start out in 3rd gear about 1500 rpm and press the throttle only open far enough for only the primary blades open and the secondary opening slot ending in the linkage (you don't want the secondaries to open) and let it rev to 4000 RPM while logging the AFR. Look at the log and see if the AFR toward the end of the run is above or below your target of 12.5-13. If you look at the example below, the brown line is the AFR on the initial run. Its too rich early and too lean late so the power valve circuit restrictor (PVCR), main jet (PM) and HSAB need to be changed. The PM will add fuel late and the PVCR and HSAB will remove fuel early. I went up 5 sizes on the PM, .002"smaller on the PVCR and .005 larger on the HSAB to acheive the yellow AFR line. Above 3000rpm the motor is pulling more air than the partially open primary blades can supply so the vacuum is going to increase and it is enough most of the time to close the PV. You can see the PV starting to close at 3300 ish RPM and is fully closed at 3600 ish RPM when AFR goes leaner.

    Tuning Secondary Main
    It is done exactly like the primary main with out having the PV to adjust the initial and overall fuel since most secondary blocks do not have a PV. In the full throttle base run below the yellow line was the baseline full throttle run before the above jetting changes and you can see that the final fuel mixture is close to the desired AFR of 12.4-12.8. But remember that all the jets are flowing at full throttle so any adding or subtracting of fuel done earlier will affect the AFR plot now. So I had not changed the IFR's, went down .002 on the PVCR and up 5 sizes on the primary mains (PM) I'll need to go down about the same on the secondary mains (SM). The second graph shows this change on the brown line and it is also rich early and desired AFR at the top of the RPM's. So I changed the SHSAB's from .035" to .045" to get the yellow AFR line in the second example.

    Full throttle baseline run

    Full throttle after SM jet change (brown) and after SM jet and HSAB change(yellow line). Look how much more torque (blue line) between 2375 and 4000 rpm with the mixture cleaned up.
    (note: The brighter red and blue lines also reflect 2 more ignition timing over the other run. The slightly leaner high rpm AFR is due to the HSAB reducing the fuel slightly and the extra timing burn the mix more completely)

    Accelerator Pump
    Now that all the fuel curves are set you can fine tune the accelerator pump enrichment (AE). Looking at the below example you can see that 1/3 throttle stab(from 15-19 seconds on the graph) and full throttle stab (from 23.4 to 25.8 seconds) both result in the AFR going lean. The leanness on the 1/3 throttle is enough that the motor stumbles, notice the blue torque line drop(between 16.5 and 18.5 seconds) then pick back up. The FT stab isn't nearly as lean so going to address the primary AE first. It has a pink pump cam and .031" squirter on the carb so I went up to .036" and that was enough to solve the low RPM stumble with out being too much AE above 2500 RPM.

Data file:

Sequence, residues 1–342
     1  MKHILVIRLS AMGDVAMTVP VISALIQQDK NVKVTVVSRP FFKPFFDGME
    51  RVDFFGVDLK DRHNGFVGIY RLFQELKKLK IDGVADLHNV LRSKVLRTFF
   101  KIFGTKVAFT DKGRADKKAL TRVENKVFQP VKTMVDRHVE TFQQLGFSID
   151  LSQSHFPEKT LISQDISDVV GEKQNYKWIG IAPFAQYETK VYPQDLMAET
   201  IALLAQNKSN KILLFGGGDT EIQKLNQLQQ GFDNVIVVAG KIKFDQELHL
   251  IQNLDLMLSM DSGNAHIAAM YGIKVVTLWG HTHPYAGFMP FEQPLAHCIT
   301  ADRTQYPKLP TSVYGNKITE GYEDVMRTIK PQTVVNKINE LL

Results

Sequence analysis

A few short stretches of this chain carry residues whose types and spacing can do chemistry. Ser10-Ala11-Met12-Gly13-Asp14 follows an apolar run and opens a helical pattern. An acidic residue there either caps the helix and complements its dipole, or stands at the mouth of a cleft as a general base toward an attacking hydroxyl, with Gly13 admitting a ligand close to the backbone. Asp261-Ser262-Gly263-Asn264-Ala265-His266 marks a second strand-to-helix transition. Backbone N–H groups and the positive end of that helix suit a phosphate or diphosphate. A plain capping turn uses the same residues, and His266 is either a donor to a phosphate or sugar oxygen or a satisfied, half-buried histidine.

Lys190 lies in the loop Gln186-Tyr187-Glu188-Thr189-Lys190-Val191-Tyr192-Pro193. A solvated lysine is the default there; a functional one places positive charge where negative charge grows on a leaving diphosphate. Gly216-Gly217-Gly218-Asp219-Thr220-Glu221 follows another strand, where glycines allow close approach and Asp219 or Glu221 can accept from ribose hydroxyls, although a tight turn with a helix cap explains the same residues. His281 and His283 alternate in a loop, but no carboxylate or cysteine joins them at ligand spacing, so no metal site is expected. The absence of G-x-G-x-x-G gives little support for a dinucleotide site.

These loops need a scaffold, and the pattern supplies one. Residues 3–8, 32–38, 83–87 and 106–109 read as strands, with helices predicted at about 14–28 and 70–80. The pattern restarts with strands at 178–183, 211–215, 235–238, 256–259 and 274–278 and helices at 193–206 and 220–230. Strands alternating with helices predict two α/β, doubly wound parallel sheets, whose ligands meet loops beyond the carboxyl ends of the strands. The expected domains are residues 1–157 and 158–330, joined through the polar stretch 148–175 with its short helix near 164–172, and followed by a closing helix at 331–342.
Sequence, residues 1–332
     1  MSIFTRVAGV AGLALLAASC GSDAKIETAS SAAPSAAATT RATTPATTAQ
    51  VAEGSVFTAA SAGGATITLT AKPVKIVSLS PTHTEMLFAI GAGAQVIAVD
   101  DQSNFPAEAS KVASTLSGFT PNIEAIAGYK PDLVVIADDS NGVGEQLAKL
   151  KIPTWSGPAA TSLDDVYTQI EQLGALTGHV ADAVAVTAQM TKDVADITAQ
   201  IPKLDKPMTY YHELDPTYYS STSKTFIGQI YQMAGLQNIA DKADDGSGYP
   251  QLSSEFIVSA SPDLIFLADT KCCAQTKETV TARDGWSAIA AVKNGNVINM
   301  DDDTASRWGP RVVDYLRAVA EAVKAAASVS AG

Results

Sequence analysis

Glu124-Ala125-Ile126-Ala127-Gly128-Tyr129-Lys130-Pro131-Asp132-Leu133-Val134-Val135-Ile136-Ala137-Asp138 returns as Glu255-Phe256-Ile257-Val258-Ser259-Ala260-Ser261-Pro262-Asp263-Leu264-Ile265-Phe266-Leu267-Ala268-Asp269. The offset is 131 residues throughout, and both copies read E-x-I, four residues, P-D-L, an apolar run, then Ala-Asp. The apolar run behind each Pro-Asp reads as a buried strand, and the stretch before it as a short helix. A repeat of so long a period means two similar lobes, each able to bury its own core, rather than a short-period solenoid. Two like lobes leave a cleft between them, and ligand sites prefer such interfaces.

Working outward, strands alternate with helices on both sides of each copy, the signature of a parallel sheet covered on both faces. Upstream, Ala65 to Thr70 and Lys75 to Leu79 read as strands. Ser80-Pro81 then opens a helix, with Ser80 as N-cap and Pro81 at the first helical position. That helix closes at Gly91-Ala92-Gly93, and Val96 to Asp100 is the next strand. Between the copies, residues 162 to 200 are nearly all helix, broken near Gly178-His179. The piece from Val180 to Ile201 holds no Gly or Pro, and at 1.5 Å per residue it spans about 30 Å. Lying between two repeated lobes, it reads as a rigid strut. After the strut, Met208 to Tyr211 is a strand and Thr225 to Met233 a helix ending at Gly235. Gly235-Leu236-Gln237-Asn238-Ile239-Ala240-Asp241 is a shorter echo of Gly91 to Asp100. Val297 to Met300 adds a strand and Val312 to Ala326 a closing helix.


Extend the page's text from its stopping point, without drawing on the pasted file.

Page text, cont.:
You can create data logs like these with the Innovate LM2 and the software with that comes with it.
    Last edited by Wayne Presley; 06-11-2011 at 01:18 PM.
    Wayne Presley
    Xterminator 705 RWHP supercharged 4.6 DOHC with twin turbos

  2. #2
    Senior Member
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    Feb 2011
    El PASO TX
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    Wow...thank you so much for the education.

  3. #3
    Senior Member riptide motorsport's Avatar
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    Feb 2011
    Fort Lauderdale Fl.
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    very useful.............thanks
    FFR Daytona Type 65 Coupe
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  4. #4
    FFR6671 Fifty-Two's Avatar
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    Feb 2011
    Thousand Oaks, CA
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    Great info Wayne! Very much appreciate you taking the time to write that up and post it for us. It definitely takes some of the mystery out of carb tuning.

    - John
    Mk 3.1 - FFR6671 - "Trying" to recreate a Semi-Comp 427...
    427ci FE Big-Block / Pin-Drive IRS / TKO600 / Smiths Gauges / SC Dash / 15" Goodyear Billboards